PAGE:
Business ethics is a term that has been widely debated for centuries. The notion of applying ethics to a business situation traditionally has been viewed as a contradiction. This is because ethics are really only applicable to individuals and not to innate entities such as businesses (Friedman, 1970). Despite this fact, the prospect of applying ethics to business has been attempted at several sociological eras, including the current one.
One of the few researchers to actively support a universal business code of ethics was Alahmad (2010). He suggested that business ethics are necessary and that they are legitimate, even though there currently is not a universal code of ethics for businesses. The solution that he presented was to utilize universal ethical values that are shared by most ethnic and cultural groups. The ethics that he presented were “honesty, tell the truth no matter what, respect, punctuality, not judgmental, just, humble, and dignity” (Alahmad, 2010).
While these ethical values have social value, it is difficult for most business researchers and professionals to support a business code of ethics like this one, as they conflict with the primary goals of running a business, which include protecting trade secrets, gaining a competitive advantage and making a profit for shareholders. It is because of these reasons why many business experts and researchers have concluded that business ethics are not logical, and that business behavior needs to be guided by factors that do make sense for the business model.
This point of departure from Alahmad was shared by a number of business experts including Friedman (1970). Friedman suggested that the term “business ethics” referred to something previously known as “social responsibility” (Friedman, 1970). Social responsibility, when applied to a business, indicated that the business has a responsibility to do what is best for society. This means that employees within a company would be acting ethically if they utilized resources from the company without authorization to support social advancements or improvements, such as donating company money to a homeless shelter without prior approval. Friedman clearly stated that this practice, while seeming to support social responsibilities, would actually be a kind to stealing money from stakeholders within the company, such as employees, the owner and shareholders (Friedman, 1970). The question then became, “is stealing from the company less ethical than failing to support social improvement?”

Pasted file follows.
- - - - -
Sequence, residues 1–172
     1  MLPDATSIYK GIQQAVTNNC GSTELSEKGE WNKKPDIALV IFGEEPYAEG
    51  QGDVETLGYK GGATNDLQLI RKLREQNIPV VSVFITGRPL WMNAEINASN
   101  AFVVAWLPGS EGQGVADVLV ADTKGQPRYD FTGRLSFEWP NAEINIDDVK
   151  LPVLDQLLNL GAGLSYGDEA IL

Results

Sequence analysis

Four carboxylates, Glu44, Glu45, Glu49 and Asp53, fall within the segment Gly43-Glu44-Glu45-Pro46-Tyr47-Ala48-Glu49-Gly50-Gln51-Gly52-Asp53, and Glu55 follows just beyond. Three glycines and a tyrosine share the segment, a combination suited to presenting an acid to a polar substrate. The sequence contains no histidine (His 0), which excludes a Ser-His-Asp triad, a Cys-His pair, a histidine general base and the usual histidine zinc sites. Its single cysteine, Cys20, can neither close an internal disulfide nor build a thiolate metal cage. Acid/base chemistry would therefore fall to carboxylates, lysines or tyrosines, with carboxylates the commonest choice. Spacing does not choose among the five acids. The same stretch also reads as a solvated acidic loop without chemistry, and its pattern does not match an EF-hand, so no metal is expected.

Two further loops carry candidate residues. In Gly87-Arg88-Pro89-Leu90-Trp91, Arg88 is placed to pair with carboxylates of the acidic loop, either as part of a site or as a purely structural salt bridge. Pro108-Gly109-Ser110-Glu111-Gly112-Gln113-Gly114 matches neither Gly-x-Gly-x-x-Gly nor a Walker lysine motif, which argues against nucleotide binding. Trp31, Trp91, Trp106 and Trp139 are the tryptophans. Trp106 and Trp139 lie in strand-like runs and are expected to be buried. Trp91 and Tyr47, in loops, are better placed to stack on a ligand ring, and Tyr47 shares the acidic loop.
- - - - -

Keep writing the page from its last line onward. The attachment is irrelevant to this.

Murphy (2009) also held a similar view on the relevance of social responsibility in the business realm. Here Murphy indicated that a business does have a number of responsibilities that it has to fulfill; however, these responsibilities do not extend to society in general, but rather to specific aspects of society. For example, businesses have legal responsibilities that restrict how they can operate their businesses (Murphy, 2009), as well as professional responsibilities that restrict what strategies and procedures can be used by the professional to make a profit. This prevents business employees from engaging in what can be considered to be unethical behaviors, such as using coercion as a business practice, stealing money from their clients or engaging in business practices that they do not have the appropriate training or licensure for, such as a practicing medicine without a medical license.
Finally, Drucker’s position can be used to round out the discussion on the practicality of business ethics. Like Friedman, he believed that business ethics was an illegitimate concept as a business cannot act ethically as it is an innate entity that cannot judge morality (Drucker). Furthermore, he presented that business ethics are instead, a social trend that is intended to interfere with the free market system and a complication in the processes of business (Drucker).
Business ethics indicate that companies have a social responsibility. The legitimacy of this responsibility, however, is a debatable point. While Alahmad indicated that universal ethical codes of honesty, justness, humbleness and respect (Alahmad, 2010) can be applied legitimately to businesses around the world; Drucker, Murphy and Friedman all questioned the validity of attaching anamorphic characteristics, such as moral and social judgment and responsibilities, to an innate entity. This is not to say that they advocated unethical behavior by company employees or owners, but rather they presented a more logical way to manage their behaviors through the use of laws and through the utilization of professional codes of conduct (Murphy, 2009).
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